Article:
The slow, middle years of a government are not often a time for big initiatives. It feels neither the elation of recent victory nor the hoofbeat of approaching defeat. That appears to be true of Canada’s majority Conservative government. Close to their cherished balanced budget and far from an election, in Wednesday’s Speech from the Throne, the government promised little more than a series of small, low-cost tinkers. Ask not what you can do for your country; ask what your country can do to lower your cable bill.
The speech delivered on behalf of the government by Governor-General David Johnston was long and detailed, in part because so much time was spent enumerating things already done, and promises already made. That history is relevant: Yes, the federal deficit is low and falling; yes, Canada’s post-recession employment growth record tops the G7; yes, the government has taken steps to reform a clogged immigration system. But none of this is new. Which is why the section entitled “Defending Canadian Consumers” has been getting so much attention.
The government promised to “take steps to reduce roaming costs” for cellphone users. It says it will take action so that cable and satellite customers can “choose the combination of television channels they want” by “unbundling” channel packages. And it promised to move on “hidden fees,” including making it so that “customers won’t pay extra to receive paper bills.” If this part of the agenda reads like it was pilfered from the NDP, that’s because to some extent it was.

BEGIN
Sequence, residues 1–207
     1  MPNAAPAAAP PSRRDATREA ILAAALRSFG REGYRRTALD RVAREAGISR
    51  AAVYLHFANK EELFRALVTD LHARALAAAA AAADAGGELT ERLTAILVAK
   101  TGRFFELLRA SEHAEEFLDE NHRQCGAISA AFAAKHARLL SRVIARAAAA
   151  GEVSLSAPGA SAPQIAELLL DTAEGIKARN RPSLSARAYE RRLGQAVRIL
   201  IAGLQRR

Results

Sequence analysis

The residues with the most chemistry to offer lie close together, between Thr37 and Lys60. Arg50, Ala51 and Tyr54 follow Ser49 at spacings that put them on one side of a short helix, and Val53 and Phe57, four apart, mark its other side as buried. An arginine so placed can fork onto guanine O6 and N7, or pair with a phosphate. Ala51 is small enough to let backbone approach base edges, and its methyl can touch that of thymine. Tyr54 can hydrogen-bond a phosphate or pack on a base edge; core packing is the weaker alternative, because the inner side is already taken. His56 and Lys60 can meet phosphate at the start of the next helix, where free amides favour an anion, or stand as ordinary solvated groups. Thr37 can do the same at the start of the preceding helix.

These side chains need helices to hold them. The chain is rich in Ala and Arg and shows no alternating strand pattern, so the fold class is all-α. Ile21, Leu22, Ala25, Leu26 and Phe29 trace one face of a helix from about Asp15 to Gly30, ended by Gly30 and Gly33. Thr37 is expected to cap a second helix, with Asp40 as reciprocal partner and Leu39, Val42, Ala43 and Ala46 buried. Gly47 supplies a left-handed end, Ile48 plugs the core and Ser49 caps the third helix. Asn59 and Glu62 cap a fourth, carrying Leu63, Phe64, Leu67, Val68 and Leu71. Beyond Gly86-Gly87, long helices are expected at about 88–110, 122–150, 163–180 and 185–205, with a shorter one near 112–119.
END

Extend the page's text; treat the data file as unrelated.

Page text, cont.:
It’s not exactly an ambitious project of nation-building, and maybe that’s not such a bad thing. The government does not have much in the way of big, short-term objectives, but it signalled again on Wednesday that it has at least one big, long-term goal. The most significant sentence in the speech may be this: “Once the budget is balanced, our Government is committed to greater tax relief for Canadian families.”
The government’s target date for a balanced budget is 2015. Absent a global economic shock, that goal can easily be met. The next election is also scheduled for 2015. The government is in effect promising that there will be few new agenda items in this session of Parliament, or in next spring’s budget. But jump forward a year: in the run-up to the next election, the government can expect to find itself in a position where it will be able to make significant announcements in terms of tax cuts and spending. Until then? Another middle year of tinkering around the margins is what Wednesday’s Speech from the Throne promised.